Feb. 3, 2006
By Joey Jones
It's hard for any college athlete to have to sit on the bench and watch his teammates for a game. It's even more frustrating not to be able to contribute for a whole season.
But that's exactly what Ole Miss sophomore center Dwayne Curtis experienced during the 2004-05 basketball season.
He had to wait for his chance.
The Auburn transfer was not allowed to suit up for the Rebels last year due to NCAA transfer rules, but he spent his time focusing on his skills and becoming part of the Ole Miss team.
"It was hard sometimes last year seeing my teammate Tommie Eddie doing everything down low," Curtis said. "I think I could have contributed a couple of rebounds to help them out.
"But I knew my time would come."
And indeed, Curtis' time is now.
The 6-foot-8, 290-pound big man leads the Rebels with 14.2 points per game, 7.5 rebounds per contest, 16 blocks and 26 steals. He is one of two Rebels to start all 19 games thus far.
Curtis didn't always find his name at the top of the statistics, though.
While at Auburn, he averaged 2.9 points and 2.3 rebounds in 10.3 minutes of action per game. He made five starts and played in 19 games.
"At Auburn, I was playing behind some really talented big guys," Curtis said. "I came off the bench behind Marco Killingsworth and Kyle Davis."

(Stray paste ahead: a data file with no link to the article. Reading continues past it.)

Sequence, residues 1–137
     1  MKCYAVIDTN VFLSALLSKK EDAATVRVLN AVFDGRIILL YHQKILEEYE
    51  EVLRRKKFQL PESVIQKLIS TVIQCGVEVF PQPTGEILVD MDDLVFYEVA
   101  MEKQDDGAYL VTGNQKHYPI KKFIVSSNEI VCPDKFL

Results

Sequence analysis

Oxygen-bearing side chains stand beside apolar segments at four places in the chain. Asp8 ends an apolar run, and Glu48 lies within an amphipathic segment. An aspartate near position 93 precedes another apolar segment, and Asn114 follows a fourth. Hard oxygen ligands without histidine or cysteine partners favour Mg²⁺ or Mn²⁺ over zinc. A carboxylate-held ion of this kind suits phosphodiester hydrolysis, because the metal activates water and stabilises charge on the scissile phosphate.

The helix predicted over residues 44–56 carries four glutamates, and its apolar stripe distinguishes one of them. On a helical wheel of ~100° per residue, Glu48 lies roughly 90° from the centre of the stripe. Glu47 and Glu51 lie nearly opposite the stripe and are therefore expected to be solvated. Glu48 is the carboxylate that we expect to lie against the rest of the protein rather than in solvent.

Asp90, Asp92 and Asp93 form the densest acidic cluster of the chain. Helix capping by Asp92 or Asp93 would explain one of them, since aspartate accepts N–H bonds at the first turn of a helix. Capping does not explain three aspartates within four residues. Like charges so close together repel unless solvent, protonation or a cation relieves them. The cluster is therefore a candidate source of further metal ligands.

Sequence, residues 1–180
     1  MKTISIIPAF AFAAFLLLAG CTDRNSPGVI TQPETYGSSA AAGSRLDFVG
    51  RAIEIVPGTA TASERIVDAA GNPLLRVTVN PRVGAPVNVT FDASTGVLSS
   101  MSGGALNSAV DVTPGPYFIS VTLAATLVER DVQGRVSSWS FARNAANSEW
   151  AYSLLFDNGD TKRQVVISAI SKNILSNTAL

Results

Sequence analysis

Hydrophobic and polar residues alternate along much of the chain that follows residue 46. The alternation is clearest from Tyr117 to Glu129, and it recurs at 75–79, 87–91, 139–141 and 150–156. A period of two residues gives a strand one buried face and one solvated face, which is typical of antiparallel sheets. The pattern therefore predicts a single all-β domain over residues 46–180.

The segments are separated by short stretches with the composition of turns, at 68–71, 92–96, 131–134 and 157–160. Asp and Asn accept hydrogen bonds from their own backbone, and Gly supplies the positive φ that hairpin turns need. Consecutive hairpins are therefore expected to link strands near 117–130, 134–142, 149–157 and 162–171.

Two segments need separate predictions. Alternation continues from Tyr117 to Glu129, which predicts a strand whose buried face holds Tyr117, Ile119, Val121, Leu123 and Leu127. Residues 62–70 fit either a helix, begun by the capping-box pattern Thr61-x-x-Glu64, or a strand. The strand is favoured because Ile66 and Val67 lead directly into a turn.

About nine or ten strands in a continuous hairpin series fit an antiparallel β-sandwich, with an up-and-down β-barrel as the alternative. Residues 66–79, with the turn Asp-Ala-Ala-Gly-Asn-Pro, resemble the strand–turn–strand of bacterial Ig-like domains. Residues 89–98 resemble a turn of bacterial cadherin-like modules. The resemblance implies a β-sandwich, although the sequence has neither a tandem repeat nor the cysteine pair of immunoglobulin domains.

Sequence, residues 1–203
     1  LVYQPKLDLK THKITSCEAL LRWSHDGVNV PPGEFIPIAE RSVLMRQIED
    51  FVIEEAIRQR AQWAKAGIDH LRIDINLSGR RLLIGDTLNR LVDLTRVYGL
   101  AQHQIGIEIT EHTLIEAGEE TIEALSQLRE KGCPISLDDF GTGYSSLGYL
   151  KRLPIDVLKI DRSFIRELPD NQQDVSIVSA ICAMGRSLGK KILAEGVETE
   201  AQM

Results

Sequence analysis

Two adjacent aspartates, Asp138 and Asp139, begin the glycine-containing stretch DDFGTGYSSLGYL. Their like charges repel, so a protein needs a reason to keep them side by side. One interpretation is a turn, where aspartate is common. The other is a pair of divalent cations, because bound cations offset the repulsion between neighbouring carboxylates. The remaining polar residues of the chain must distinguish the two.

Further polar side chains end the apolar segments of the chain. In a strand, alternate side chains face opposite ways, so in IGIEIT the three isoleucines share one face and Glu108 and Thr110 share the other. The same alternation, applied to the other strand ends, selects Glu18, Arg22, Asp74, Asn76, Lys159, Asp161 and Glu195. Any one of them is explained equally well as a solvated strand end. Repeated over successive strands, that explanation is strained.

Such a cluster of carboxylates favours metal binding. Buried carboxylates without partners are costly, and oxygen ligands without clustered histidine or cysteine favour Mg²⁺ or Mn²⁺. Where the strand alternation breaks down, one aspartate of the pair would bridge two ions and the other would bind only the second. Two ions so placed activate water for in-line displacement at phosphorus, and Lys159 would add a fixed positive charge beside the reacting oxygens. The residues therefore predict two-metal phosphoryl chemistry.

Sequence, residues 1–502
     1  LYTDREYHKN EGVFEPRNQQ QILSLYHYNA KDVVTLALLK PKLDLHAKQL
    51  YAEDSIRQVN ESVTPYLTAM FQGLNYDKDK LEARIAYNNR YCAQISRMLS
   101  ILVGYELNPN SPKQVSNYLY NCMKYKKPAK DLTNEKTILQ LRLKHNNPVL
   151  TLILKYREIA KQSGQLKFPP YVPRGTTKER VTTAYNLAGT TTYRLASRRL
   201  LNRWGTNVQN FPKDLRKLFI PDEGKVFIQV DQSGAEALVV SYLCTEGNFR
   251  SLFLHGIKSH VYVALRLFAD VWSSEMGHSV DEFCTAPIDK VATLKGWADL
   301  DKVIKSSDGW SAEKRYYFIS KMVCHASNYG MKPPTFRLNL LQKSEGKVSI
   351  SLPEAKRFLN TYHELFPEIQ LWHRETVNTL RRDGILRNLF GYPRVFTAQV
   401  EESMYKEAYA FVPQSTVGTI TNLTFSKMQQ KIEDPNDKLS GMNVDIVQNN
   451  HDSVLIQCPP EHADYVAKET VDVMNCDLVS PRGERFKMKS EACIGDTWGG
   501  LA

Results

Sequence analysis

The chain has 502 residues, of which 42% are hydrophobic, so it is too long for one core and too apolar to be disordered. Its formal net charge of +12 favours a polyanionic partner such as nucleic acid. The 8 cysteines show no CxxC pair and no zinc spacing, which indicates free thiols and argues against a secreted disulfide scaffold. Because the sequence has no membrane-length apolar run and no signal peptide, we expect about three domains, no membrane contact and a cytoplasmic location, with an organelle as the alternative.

With the departure of former Auburn head coach Cliff Ellis, Curtis decided to find somewhere else to showcase his talents, and the Chicago native found the perfect place for him in Oxford, Mississippi.
"I think it was a great idea and good thing to do what I did," Curtis said. "The SEC is the best conference in the nation for physical play. I love banging around with the other big guys in the post. I missed that last year, but I knew my decision would pay off in time."
Ole Miss fans are also happy that Curtis made that decision, as he has helped the Rebels to a 13-6 mark, including winning their first three SEC games against Alabama, South Carolina and Mississippi State.
As a redshirt sophomore, he has become a leader both on and off the court, and despite not playing a minute for the Rebels, was named a Team Captain in the preseason.
Known for being one of the friendliest people around, Curtis appreciates the hospitality of the people he has encountered down in Oxford.
"The people here welcome you with open arms," he said. "Everybody is very kind. It's the kind of people every town should have."
And Curtis is definitely the type of person every coach and every fan could want. His kindness and enthusiasm for life rubs off on everyone he meets, and his year-long patience has paid off quite nicely for himself and for the Rebel family.
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